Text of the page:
When there were far fewer people around, far fewer laws and regulations, when the legal speed limit was 75 mph, when gas was cheap, when driving was a pleasure, if you owned a hot machine you could point the grill down an empty road and go!


When I began reading Hot Rod Magazine in 1950 I wanted to know more about the history of the cars. Those pieces consisted of photos, captions and maybe a couple paragraphs of text. The magazine treated every car as if it were new, and while most were; now and then a rod would appear that seemed to have a history. Almost from the beginning I became obsessed with knowing whatever could be known about a rod or custom. To do any kind of research takes time, which is why even today one reads vague histories. A writer or editor declares that a particular car dates from, say the ‘Fifties, but offers not a shred of documentation.

Sometimes we can’t know. This 1946 Ford coupe was customized shortly after it came from the factory. It has had extensive bodywork, the side and fender trim has been blanked out, it’s been nosed and decked, the taillights have been removed, the holes filled and the lens and bezel mounted low on the trunk lid. The front end has been modified to accommodate the 1946 Chevrolet grill; this was a favorite grill swap just after the war. The car has a beautiful paint job, probably light blue or green, with white sidewalls and stock hubcaps.

It’s an outstanding car, and appeared at a time when such cars were still rare. Anyone who saw it should remember it. The car ran a Road Angels plaque, a club that started in 1950. I joined the Road Angels in July, 1951. I never saw this car. I have shown this photo to most of the older guys in the club and no one remember the car. I showed it to Bill Cahill; the photo was taken in his parents’ driveway – his dad owned the sedan delivery at right – and he could not identify the car.
Copyright 2008, Albert Drake and Flat Out Press.

Reblog this post [with Zemanta]

Ray Van Dorn’s Dragster

Drag racing got started in Oregon in Eugene in 1949 and at the Scappoose strip in 1952; the cars ranged from hot coupes and roadsters to late model stockers. There were no dragsters until 1953, when several guys showed up with stripped-down cars with big engines built solely for covering the quarter-mile as quickly as possible.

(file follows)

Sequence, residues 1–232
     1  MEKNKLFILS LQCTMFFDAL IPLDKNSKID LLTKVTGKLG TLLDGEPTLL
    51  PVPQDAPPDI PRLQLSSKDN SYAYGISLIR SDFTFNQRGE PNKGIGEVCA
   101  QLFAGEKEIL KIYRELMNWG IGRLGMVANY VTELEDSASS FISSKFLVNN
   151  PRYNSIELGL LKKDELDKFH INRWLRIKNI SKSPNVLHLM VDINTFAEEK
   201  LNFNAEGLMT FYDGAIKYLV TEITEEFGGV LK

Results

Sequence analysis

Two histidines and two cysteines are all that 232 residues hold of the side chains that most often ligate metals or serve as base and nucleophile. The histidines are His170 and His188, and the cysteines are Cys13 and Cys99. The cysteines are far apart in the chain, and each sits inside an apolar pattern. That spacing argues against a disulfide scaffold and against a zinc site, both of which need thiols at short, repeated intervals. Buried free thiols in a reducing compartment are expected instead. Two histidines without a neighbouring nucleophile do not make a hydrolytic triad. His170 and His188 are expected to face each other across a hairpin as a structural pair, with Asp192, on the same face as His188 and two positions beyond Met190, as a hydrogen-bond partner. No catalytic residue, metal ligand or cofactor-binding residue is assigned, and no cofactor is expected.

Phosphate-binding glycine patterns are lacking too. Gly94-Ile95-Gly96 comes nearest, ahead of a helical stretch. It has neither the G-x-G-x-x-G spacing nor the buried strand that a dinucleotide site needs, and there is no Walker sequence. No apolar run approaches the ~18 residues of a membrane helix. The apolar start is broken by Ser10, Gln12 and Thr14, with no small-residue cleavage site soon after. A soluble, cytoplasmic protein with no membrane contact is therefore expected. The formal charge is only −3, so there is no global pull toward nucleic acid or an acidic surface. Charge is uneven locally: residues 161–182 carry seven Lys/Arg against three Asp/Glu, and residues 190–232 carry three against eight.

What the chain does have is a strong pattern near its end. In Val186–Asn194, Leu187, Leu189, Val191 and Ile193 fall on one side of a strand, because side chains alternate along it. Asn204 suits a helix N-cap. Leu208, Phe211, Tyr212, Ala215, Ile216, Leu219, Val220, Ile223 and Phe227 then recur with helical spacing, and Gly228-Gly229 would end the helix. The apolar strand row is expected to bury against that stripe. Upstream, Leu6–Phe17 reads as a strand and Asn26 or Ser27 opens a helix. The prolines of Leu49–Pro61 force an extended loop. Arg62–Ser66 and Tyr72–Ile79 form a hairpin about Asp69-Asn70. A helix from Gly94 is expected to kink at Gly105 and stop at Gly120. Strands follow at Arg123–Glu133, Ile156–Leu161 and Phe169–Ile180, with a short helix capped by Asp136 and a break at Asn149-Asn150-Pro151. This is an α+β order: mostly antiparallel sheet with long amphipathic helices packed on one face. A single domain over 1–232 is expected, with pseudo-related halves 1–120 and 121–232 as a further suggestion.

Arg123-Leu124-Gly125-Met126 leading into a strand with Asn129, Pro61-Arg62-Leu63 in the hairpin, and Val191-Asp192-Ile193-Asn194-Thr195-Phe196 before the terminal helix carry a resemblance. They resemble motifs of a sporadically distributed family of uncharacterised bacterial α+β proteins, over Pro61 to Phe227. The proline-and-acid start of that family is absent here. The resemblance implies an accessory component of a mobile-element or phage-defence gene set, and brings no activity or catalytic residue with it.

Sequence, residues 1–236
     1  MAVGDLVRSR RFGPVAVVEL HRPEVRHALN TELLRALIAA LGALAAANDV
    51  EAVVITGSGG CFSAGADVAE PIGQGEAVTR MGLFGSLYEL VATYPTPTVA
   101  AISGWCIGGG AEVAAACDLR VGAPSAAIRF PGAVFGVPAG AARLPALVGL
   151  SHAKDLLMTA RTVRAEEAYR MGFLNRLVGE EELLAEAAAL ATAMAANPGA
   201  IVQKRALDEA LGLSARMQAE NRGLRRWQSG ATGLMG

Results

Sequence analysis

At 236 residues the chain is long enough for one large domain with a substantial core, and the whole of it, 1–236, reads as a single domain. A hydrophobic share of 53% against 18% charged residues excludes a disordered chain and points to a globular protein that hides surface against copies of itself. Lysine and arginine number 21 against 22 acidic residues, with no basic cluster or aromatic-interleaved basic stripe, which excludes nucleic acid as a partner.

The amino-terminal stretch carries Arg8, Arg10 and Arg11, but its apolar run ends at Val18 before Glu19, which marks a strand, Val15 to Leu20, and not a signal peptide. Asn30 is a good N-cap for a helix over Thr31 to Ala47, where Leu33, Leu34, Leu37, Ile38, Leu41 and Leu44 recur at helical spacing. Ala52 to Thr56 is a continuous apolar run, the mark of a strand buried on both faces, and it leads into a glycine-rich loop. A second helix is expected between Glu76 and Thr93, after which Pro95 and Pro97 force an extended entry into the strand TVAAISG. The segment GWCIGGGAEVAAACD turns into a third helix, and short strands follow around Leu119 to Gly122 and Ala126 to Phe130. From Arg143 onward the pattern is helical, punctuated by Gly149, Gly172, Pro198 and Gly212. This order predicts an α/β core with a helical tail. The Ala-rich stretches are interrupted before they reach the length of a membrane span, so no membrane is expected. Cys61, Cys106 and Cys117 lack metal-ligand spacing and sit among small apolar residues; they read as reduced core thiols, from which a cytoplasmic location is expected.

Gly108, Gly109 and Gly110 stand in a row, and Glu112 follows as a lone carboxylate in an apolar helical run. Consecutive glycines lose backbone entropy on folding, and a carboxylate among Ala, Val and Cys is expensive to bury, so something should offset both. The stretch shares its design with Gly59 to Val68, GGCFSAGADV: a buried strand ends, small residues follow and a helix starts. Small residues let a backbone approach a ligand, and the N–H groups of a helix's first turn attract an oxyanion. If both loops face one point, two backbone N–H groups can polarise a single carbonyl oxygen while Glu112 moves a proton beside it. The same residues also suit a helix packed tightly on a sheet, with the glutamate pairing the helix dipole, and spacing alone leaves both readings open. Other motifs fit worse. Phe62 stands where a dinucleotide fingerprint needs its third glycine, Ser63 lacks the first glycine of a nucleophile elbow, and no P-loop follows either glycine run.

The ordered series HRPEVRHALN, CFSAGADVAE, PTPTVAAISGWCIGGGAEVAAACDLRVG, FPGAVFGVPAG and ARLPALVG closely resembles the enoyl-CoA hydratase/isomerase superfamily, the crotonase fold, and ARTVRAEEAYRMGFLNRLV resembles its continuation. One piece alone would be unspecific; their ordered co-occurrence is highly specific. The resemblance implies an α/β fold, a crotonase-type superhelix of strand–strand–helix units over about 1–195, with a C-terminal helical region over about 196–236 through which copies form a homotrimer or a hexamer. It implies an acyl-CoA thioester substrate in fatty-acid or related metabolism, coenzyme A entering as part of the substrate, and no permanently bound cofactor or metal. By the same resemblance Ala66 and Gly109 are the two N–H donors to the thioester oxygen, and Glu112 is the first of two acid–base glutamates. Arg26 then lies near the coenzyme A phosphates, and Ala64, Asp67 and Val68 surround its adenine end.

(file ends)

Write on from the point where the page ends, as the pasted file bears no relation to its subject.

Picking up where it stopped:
Ray Van Dorn of Portland had been racing his 1950 Ford coupe with a 276 flathead. He decided he wanted to go faster and knew he could get the fastest speed out of a car like the one the Bean Bandits were running in So-Cal. Don “Duck” Collins was a race car builder in Portland and he built a chassis using Shelby tubing, Ford front and rear end, center steering and the engine moved back several inches. Van Dorn put his 276 Merc in the dragster and race the car at the Scappoose quarter-mile drags and the Madras half-mile runs; he said it went straight as an arrow.

In 1954 Van Dorn had Bill Peterson build a light, streamlined body for the car. Peterson adapted the front part of a surplus drop tank for the nose. The dragster was painted orange with white trim; it was the first dragster to have a sponsor. It ran 128 mph at Scappoose and 138 mph at Madras. In 1955 Van Dorn borrowed Don Ellis’ supercharged Studebaker V-8 engine. When the Drag Safari came to Oregon Van Dorn won his class, turning 127 mph on gas.
Copyright 2008, Albert Drake and Flat Out Press.
Reblog this post [with Zemanta]